Souring Agent

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A fruit, herb or dairy product that is used to alter the flavor of foods to lighten overly sweet flavors or to lighten the intense heat of spicy ingredients. Souring Agents are commonly used in Middle Eastern cooking for a variety of foods and curries. Some of the typical Souring Agents include: fruits such as cocum, lemon, limes, mangos, and tamarind. In addition, tomatoes, vinegar and yogurt are also considered as Souring Agents.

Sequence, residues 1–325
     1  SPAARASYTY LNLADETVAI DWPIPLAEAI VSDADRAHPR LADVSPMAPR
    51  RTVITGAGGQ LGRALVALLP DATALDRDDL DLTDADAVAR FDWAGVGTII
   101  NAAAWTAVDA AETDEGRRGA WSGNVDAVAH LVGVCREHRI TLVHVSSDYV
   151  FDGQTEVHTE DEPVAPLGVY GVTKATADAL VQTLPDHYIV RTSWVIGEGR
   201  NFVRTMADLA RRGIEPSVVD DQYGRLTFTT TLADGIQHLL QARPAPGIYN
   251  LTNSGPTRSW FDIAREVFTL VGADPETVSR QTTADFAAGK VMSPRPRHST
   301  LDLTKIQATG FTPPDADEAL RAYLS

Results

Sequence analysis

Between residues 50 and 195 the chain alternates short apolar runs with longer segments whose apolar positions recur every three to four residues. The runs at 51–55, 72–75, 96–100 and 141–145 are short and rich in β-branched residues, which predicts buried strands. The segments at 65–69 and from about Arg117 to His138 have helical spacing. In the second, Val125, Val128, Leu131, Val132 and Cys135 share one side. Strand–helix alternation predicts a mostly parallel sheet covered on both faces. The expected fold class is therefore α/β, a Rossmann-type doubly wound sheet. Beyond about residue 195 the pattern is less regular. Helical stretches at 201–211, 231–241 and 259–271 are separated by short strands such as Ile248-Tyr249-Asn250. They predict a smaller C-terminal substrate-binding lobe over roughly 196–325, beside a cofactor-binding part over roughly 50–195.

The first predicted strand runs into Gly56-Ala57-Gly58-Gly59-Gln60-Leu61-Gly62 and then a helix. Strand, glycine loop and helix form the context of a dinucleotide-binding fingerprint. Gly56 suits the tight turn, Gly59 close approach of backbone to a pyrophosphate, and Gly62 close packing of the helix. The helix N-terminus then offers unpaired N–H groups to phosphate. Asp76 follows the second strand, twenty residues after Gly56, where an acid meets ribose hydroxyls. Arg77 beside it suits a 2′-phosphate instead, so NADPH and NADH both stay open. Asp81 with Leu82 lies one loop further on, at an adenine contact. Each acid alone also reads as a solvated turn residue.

Yogurt is made into a sour ingredient by using a live sour culture when making the yogurt. As the yogurt sours, it starts to develop small beads of water on the surface of the yogurt. Increased amounts of water indicate an increase in the intensity of the sour flavor. As the yogurt reaches the desired level of sourness, which can be determined by tasting it, place the yogurt in the refrigerator to maintain the desired flavor and intensity.

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